[1] We hold, therefore, that in a lawful arrest neither the arrestee nor the bystander is entitled to rely upon appearances. A reasonable but mistaken belief that the arrestee was about to be seriously injured or that the arrestee was entitled to protect himself from such danger is insufficient. An arrestee's resistance of excessive force by a known police officer, effecting a lawful arrest, is justified only if he was actually about to be seriously injured. A bystander's interference with a lawful arrest accomplished by excessive force is justified only if the arrestee was in actual danger of serious physical injury. Each party acts at his own peril, and if it is subsequently determined that the arrestee was not about to be seriously injured, neither his resistance nor third-party interference is justified. Of course, if resistance is justified, only force reasonable and necessary to protect the arrestee may be used against the officer.

The reason for our middle-ground rule is that under rare circumstances, not present here, the brutality may be so dangerous to the arrestee that his resistance or the intervention of others is necessary to prevent death or serious disability. We emphatically do not countenance a use of force by police which exceeds that essential to effect an arrest, but the arrestee's right to freedom from arrest without excessive force that falls short of causing serious injury or death can be protected and vindicated through legal processes, whereas loss of life or serious physical injury cannot be repaired in the courtroom. However, in the vast majority of cases, as illustrated by the one at bar, resistance and intervention make matters worse, not better. They create violence where none would have otherwise existed or encourage further violence, resulting in a situation of arrest by combat. Police today are sometimes required to use lethal weapons for self-protection. If there is resistance on behalf of the person lawfully arrested and others go to his aid, the situation can degenerate to the point that what should have been a simple lawful arrest leads to serious injury or death to the arrestee, the police or innocent bystanders. Orderly and safe law enforcement demands that an arrestee not resist a lawful arrest and a bystander not intervene on his behalf unless the arrestee is actually about to be seriously injured or killed.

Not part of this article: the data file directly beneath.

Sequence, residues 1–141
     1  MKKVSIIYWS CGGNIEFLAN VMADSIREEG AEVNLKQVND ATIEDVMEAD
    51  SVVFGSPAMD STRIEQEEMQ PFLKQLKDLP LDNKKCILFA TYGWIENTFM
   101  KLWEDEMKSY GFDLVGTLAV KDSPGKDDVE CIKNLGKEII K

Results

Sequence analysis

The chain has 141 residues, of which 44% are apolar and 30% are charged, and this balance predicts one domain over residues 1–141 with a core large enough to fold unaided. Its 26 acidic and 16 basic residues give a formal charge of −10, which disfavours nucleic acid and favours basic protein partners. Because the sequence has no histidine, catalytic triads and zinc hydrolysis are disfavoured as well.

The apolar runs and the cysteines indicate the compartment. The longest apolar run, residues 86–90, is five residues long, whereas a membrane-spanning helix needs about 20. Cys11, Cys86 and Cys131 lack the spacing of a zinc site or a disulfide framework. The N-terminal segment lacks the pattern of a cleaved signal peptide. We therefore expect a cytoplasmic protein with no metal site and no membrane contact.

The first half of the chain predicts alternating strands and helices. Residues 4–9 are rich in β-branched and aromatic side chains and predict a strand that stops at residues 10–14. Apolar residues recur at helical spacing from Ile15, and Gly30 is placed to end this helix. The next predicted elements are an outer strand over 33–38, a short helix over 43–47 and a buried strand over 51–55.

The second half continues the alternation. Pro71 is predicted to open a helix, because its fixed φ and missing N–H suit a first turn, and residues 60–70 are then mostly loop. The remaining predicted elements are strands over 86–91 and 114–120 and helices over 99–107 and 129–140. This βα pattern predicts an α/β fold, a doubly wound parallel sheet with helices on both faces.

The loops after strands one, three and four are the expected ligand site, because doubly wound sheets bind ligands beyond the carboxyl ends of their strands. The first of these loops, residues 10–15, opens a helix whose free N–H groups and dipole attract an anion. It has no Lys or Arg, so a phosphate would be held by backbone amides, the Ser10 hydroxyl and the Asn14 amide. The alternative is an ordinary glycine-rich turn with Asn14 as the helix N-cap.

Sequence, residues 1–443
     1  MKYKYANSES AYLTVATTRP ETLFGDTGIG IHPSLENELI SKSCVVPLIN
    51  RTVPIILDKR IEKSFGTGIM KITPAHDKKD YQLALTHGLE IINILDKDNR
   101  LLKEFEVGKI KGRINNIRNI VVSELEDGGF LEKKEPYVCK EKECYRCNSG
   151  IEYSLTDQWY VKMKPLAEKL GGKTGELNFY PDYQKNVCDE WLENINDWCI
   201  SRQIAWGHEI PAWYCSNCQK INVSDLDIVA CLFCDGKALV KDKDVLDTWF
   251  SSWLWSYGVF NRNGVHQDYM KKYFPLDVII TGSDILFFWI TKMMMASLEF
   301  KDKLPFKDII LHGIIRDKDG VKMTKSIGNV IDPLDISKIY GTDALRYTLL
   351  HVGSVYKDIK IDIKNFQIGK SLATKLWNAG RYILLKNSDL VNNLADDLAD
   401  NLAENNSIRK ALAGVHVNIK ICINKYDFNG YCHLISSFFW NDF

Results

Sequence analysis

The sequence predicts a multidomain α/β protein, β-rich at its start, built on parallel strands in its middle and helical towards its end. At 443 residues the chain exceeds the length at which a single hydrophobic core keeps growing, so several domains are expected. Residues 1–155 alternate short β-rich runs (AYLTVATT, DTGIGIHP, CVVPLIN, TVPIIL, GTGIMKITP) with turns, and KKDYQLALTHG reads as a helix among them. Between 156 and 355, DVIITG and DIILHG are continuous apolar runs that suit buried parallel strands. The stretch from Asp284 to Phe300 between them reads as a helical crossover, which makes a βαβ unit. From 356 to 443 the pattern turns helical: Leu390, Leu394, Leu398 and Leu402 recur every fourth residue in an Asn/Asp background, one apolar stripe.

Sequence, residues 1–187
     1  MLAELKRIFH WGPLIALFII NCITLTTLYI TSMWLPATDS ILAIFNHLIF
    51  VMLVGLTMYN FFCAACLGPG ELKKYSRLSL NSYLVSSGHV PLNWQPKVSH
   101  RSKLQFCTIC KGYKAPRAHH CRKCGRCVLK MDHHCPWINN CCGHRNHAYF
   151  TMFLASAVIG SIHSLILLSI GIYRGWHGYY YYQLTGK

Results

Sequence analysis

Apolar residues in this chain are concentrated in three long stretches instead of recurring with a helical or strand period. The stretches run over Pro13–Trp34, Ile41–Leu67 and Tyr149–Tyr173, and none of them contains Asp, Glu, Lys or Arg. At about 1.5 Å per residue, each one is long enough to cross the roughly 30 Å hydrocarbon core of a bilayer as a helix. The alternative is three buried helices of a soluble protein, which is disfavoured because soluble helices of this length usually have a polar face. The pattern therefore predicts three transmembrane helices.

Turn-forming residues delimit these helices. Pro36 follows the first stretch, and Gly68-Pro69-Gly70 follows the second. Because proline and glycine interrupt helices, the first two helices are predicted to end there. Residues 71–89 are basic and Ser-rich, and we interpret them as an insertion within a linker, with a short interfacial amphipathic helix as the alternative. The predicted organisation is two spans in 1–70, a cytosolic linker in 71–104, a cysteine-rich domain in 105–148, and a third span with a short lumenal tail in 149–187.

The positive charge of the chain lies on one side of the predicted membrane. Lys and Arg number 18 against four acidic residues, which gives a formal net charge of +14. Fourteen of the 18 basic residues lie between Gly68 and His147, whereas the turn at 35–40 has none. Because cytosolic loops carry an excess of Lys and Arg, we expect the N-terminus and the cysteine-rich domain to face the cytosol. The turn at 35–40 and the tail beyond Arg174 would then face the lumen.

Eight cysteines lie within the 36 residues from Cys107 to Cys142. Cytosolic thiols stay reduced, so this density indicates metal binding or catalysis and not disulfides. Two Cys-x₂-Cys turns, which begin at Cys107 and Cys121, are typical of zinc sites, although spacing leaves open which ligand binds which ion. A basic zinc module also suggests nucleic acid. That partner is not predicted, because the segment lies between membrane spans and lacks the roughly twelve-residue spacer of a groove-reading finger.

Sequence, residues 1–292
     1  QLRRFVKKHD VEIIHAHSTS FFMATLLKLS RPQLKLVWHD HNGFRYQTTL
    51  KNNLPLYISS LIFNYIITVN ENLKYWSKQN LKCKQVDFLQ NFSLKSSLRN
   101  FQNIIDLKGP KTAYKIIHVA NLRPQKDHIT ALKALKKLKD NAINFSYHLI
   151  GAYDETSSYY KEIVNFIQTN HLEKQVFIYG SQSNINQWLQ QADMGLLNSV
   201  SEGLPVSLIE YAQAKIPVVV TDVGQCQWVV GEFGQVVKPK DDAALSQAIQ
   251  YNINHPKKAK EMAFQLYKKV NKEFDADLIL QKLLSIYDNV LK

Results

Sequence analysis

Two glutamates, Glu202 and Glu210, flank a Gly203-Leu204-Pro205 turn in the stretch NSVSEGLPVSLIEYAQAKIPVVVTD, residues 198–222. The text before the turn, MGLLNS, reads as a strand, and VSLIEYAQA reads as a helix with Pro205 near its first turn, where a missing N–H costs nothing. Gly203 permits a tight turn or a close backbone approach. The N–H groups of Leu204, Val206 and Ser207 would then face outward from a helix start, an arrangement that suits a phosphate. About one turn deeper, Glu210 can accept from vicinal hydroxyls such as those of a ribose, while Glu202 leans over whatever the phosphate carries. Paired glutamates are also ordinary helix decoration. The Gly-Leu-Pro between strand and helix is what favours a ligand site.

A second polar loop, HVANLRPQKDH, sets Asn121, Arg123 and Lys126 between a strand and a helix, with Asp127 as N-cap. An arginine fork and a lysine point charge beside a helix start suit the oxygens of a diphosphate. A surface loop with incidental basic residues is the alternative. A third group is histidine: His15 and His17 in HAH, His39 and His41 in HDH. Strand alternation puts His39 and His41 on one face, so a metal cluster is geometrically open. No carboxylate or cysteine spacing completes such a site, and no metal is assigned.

We realize that there is no case law precisely in point upon the rule we have adopted. In State v. Rousseau, supra, the Supreme Court recognized that there is authority in other jurisdictions to the effect that, "even in the case of an unlawful arrest, the person arrested would be warranted in using force and inflicting personal injury upon the officer only in self-defense, the necessity or apparent necessity for which must appear." State v. Rousseau, supra at 95. We submit that is not the rule of the Rousseau case nor is it the modern trend. The modern trend is expressed in the American Law Institute's Model Penal Code. Section 3.04 (2) (a) (i) of the Model Penal Code (U.L.A. 1974) provides that the use of force is not justified to resist an arrest which the arrestee knows is being made by a peace officer, although the arrest is unlawful. As we have indicated, our rule does not go as far as the Model Penal Code rule because we recognize that there are the rare occasions when there is an actual danger of serious injury or death to the arrestee.

We reiterate our belief that the rule regarding the right of the arrestee himself to resist excessive force in a lawful arrest situation should likewise be applied to a third party who intervenes in aid of such a person. Again we recognize that some other jurisdictions conflict with the modern trend. In this situation we see no difference in whether the arrest is lawful or unlawful. The third party is usually in no position to judge the initial legality of the arrest.